5

Easing the chain tension may help, but a coaster brake itself is a good thing - it stops the kid simply back pedalling because it's easy, but doesn't propel the bike. It should be possible to change the cog to get a lower gear ratio, but it tends to be quite low anyway - keep the old cog to restore it later. I've found the chain case on kids bikes ...


4

Add a front hand brake is the easiest way. But otherwise, you have to get used to it. You should have 2 independent braking systems anyway in case one fails (and your face doesn't count as one). But you are prone to skidding and ineffective stopping with a coaster brake in general (which is why they're pretty much only on kids bikes now a days, or in some ...


4

You should only need to replace the sprocket, nothing else. If you put on a smaller sprocket to get higher gearing/slower pedalling you need a smaller sprocket, not a larger one. You may need to remove a chain link. Those parts should be standard, the same as on an adult bike, and any bike shop should be able to make the switch. Coaster brakes are common in ...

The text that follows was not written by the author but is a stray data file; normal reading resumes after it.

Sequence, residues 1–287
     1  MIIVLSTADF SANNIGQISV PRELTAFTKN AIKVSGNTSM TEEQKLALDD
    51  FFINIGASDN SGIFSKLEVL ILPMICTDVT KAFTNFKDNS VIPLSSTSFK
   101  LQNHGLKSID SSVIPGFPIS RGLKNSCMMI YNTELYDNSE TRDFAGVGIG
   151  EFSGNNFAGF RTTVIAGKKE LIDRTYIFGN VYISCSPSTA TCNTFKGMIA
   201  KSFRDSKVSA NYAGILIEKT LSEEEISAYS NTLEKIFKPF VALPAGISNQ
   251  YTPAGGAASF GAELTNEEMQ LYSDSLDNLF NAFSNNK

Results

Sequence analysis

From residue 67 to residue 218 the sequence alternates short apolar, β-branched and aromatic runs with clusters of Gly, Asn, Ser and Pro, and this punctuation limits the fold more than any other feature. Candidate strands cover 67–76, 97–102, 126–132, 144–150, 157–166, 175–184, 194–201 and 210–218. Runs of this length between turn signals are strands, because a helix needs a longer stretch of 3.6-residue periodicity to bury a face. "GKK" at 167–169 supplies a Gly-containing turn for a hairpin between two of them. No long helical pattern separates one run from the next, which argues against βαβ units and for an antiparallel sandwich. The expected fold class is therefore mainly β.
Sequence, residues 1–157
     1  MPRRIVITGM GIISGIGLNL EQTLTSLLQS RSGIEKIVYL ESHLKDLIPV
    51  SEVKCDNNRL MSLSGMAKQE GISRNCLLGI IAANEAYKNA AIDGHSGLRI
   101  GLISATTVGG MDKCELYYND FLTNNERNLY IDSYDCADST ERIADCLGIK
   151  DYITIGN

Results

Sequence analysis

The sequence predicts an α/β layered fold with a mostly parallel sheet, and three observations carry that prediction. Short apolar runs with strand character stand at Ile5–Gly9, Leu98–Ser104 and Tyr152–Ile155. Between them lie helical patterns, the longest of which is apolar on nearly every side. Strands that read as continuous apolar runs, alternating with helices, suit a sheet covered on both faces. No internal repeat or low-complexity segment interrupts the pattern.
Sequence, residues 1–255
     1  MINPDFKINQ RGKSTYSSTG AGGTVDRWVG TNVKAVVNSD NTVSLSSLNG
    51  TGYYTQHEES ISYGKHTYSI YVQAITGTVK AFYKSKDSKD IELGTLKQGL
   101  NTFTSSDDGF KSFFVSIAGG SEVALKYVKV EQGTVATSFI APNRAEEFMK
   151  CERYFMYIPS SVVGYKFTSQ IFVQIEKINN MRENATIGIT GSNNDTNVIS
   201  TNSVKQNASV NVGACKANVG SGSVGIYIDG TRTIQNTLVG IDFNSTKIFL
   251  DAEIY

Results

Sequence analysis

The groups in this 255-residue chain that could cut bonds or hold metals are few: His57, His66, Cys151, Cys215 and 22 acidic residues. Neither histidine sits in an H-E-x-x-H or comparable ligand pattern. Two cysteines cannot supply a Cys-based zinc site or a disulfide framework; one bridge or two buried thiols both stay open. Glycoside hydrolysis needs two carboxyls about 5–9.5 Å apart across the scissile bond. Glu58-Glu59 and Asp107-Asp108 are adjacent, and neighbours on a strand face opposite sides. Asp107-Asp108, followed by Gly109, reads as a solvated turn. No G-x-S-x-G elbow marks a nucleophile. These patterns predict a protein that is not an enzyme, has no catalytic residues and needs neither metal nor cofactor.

4

What I'm guessing is happening is that your reaction arm (the thing on the left of the diagram) is not fixed in place. When you brake the shoes of the brake are pushed out from the axle into the shell of the wheel hub. The idea being that the axle is fixed in place and the shoes drag against the shell. If the reaction arm was undone, the friction of the ...


4

Most people who aren't using a manufacturer grease are using a high temp automotive grease. I'd suggest looking at the manufacturer's recommendations and following them; brakes aren't a place to save a few bucks. 220 C seems low for the type of grease; people have failures with high temp automotive greases which often rated for 100 C+ higher than that on ...


4

Your guess is right, it's a way of dialing chainline. Most commonly you use it in the more outboard position. It's easy to just measure front chainline and both rear chainline options and see which position is optimal.


4

You are right, coaster brake hubs do employ the same mechanism as free-wheel hubs. The difference is, that the coaster brake limits the backwards movement of your pedals, which the pure free-wheel does not: Fixie: Pedals have a fixed connection to the wheel, so they always move with the bike. Back-pedaling is not possible. Coaster brake: Bike can coast ...


3